Although this technology is very modern and is still seen as a “new” media, it is evident that there are still hints of the electric pen in 3D printing. The print heads of the 3D printer are much like those of the head of the pen, as it would etch its perforations into the stencil. The stencil from the computer is then used to print and copy the image on the screen like the electric pen’s stencil would be used to make a copy of the copied document.

Theoretical Analysis

In the case of the electric pen, we must first delve into the philosophical underpinnings of the human desire to preserve written material. What is so attractive about the ability to copy, specifically? As the early oral cultures evolved (and I use that term loosely) into literate societies, capable of transcribing stories in written form, and, thus, distributing them for wider use, so too, did the desire to consume such literature. Arguably, at least in 21st century America, the drive for better, faster, stronger is the necessary result of our economic structure.

Though Marx and Weber were divergent in their theories, they both started from the same fundamental assumption. "Marx and Weber held that the new social values embodied in capitalist economic activlty were not 'natural' they were precipitates of historical development" (Birnbaum, 1953). So, too, might we extrapolate that idea to media itself. The drive to create and improve upon media in general can perhaps be attributed to historical context, including the socioeconomic climate. Consider the time at which the electric pen was invented and released for distribution. The Civil Rights Act of 1875 was passed:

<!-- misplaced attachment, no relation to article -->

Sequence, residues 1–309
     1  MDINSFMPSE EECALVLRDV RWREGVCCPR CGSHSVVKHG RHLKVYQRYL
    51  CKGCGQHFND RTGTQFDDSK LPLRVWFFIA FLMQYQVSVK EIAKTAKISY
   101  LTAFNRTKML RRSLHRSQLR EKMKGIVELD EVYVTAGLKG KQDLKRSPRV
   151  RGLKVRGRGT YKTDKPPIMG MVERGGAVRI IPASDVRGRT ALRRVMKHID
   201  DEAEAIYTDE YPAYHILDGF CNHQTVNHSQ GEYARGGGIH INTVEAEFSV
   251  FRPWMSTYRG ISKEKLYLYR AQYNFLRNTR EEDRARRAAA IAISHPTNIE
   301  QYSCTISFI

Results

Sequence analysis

The last biracial U.S. Congress of the 19th century passed the Civil Rights Act of 1875. It protected all Americans, regardless of race, in their access to public accommodations and facilities such as restaurants, theaters, trains and other public transportation, and protected the right to serve on juries. However, it was not enforced, and the Supreme Court declared it unconstitutional in 1883 (, 2003).
The United States was in the midst of the Long Depression (1872-1879). In this socioeconomic context, what were the implications of an invention such as the electric pen hitting the market in the middle of an economic downturn and social upheaval? "If there is a prevailing mode in general circulation today, I think it is a tendency to naturalize or essentialize media—in short, to cede to them a history that is more powerfully theirs than ours" (Gitelman, 2006). In the grand scheme of the historical happenings of the era, how important was this device - the electric pen - or any device at the time? Prolific inventor that he was, what would the world look like today had the electric pen not ever been created? We can't possibly answer that question definitively because it was created, other inventions were spunoff from it, and we are currently looking at today's "new" media: a 3D printer/copier that uses materials to make everything from food to guns to prosthetics. How long before that media becomes mainstream and we take it for granted as well?